It was something more than just getting excited. A force was running through me. On that first day the rules changed.
After a few days on the property we started to find the real thing, small amounts, but it was gold for sure. And I knew nothing was going to get in my way. All the things that I went through in my life prepared me for this. I had no fear. Nobody’s going to take anything away from me. If you get in my way, I’m going to trample you. You could put a gun to my head. That happened to me, and I didn’t give a shit. I was one son of a bitch. I had to deal with my people and some of them were brutal. I did bad things. People died. So what?
Jim looked at me a beat and then back toward the moving lights. So what! I thought.
I loved it, he said. I loved it. One time I was speeding along a rutted street outside Manaus and this euphoria built up in me and I just started screaming into the night like I was on something. Because I was.
People can see it in you. You could see it in me. They called me gringo maluco, the crazy American. I was another person. As if you had a dream about wanting to be a certain type of guy—a real tough guy, you see them in the movies. And these guys can do things you could barely imagine. Well, these guys are for real, a lot of them, because they have something inside. A lot of CIA agents, or people who are killers—well, they have this drive. It’s a fever. Some people who kill a lot of people—these multiple killers—what do you think they have inside of them? Something’s driving them. Nothing’s stopping them. Nothing was stopping me.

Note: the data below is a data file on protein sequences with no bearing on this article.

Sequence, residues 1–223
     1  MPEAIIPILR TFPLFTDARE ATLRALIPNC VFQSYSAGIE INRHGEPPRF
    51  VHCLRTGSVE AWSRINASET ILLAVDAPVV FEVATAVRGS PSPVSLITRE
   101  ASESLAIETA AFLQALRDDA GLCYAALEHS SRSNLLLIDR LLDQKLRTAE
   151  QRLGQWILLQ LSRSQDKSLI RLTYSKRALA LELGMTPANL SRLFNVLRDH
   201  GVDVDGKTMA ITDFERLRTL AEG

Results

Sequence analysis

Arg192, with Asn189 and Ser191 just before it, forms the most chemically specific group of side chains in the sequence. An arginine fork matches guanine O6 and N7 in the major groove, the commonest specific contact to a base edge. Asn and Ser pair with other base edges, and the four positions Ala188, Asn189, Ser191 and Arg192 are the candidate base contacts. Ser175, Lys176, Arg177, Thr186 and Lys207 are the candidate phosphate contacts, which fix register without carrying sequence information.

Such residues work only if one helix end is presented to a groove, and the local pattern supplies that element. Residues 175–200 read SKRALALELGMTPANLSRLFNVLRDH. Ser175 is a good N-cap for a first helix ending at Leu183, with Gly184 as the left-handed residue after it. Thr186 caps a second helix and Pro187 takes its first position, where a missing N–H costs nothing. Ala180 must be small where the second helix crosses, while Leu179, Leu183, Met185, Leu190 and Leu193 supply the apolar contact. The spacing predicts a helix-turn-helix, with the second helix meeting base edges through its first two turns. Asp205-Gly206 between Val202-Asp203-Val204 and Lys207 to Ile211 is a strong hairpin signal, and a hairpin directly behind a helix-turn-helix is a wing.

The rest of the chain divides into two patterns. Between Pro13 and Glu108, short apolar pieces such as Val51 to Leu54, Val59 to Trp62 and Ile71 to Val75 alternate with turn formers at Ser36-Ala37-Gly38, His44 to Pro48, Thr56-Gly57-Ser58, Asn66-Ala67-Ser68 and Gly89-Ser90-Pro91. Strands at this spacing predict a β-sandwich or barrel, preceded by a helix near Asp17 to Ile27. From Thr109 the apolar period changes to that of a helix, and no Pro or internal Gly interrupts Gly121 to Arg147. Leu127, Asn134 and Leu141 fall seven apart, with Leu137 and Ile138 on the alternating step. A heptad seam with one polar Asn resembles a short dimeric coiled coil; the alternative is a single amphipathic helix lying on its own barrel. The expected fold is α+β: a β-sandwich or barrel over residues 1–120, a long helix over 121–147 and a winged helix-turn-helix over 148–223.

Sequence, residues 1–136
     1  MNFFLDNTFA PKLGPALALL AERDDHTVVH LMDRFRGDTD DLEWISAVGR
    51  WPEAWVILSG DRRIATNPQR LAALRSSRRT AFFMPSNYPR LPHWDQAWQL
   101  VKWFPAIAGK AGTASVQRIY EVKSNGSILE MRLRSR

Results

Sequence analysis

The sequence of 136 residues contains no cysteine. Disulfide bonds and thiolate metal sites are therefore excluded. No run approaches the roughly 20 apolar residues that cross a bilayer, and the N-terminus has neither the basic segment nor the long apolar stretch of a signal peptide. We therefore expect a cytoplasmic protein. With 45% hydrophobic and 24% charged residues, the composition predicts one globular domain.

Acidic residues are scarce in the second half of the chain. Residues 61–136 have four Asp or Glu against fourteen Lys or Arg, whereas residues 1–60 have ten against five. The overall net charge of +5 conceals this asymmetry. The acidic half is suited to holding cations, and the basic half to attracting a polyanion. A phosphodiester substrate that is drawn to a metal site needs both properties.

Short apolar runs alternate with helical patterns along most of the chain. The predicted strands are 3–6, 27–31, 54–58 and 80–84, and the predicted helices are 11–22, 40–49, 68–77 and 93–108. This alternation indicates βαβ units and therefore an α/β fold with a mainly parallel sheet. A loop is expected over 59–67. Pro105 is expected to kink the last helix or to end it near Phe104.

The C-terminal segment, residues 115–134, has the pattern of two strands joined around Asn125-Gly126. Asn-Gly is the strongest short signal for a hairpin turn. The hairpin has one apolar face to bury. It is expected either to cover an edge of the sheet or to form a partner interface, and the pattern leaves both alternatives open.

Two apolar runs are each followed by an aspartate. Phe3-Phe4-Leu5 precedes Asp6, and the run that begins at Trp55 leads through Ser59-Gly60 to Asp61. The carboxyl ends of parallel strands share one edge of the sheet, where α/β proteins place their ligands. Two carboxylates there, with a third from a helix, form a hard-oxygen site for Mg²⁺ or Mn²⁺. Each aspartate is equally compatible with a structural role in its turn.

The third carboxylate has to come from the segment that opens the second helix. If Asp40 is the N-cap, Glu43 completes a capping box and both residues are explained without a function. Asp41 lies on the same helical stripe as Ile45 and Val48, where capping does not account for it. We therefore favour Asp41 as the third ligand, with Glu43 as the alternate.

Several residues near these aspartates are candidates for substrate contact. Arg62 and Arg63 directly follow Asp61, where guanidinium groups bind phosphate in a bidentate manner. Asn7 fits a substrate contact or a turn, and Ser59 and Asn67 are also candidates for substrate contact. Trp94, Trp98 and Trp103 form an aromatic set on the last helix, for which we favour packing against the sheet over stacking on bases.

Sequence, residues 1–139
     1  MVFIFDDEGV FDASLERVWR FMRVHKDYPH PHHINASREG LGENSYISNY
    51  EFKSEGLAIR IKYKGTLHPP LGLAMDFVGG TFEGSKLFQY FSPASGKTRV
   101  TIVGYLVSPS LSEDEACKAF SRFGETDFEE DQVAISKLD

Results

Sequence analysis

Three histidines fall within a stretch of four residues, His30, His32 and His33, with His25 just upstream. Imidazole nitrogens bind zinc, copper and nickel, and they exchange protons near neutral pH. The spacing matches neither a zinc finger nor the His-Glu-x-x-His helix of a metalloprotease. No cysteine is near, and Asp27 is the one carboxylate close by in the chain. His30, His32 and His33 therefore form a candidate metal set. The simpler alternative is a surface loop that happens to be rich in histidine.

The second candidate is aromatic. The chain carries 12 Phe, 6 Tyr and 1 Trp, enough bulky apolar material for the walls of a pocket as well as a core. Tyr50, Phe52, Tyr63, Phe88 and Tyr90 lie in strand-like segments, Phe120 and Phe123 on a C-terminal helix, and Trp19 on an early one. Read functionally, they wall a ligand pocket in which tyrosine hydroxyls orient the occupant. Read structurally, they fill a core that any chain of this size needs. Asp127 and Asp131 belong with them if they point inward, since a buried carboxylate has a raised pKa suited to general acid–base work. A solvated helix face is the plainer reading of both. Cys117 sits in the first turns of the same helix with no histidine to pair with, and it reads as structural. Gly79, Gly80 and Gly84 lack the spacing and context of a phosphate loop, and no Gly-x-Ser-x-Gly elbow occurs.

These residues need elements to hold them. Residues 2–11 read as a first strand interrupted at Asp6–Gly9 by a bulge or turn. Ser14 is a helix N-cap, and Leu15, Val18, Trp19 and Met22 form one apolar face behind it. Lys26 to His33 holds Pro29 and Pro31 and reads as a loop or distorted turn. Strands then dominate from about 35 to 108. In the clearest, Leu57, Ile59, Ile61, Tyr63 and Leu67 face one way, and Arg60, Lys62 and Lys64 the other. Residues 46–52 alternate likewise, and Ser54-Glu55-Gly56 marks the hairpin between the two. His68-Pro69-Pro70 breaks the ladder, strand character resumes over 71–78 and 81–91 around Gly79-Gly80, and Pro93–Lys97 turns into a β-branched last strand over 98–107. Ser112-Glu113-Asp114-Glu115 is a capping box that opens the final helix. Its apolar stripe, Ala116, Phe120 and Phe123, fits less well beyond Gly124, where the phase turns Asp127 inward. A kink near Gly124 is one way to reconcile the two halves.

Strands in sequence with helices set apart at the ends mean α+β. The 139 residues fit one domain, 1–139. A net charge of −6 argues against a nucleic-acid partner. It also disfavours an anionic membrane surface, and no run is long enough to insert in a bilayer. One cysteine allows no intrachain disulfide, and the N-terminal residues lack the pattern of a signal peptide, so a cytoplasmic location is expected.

Now Jim was quiet for a time, looking out at the dark ocean.
Are they coming any closer? I asked for the third or fourth time, unable to get my mind off the gunmen in the boats.
Hard to say, he answered.
Jim was returning from the jungle and didn’t seem concerned about the boats. I imagined that he was thinking where this experience had left him—whether a man can come all the way back and be normal, live again with his wife in a neat little house in the suburbs as if he never left.
The plan was for us to keep our vigil, behind the Boston Whaler where the Colombians couldn’t see us if they came back. That way, surprise would be on our side. Jim told me that he was a good shot, and I didn’t doubt it. We would have a fighting chance, if we stayed up the night and remained alert. That was the key. He’d learned about such things in Brazil. He had a plan and I believed him.
In the morning, when I woke up, I was still clutching the rifle. It was a calm, picture-postcard day in the Bahamas with no Colombian speedboats anywhere that I could see. Jim was sleeping beside me on the deck, snoring like a bull.
Copyright © 2013 by Fred Waitzkin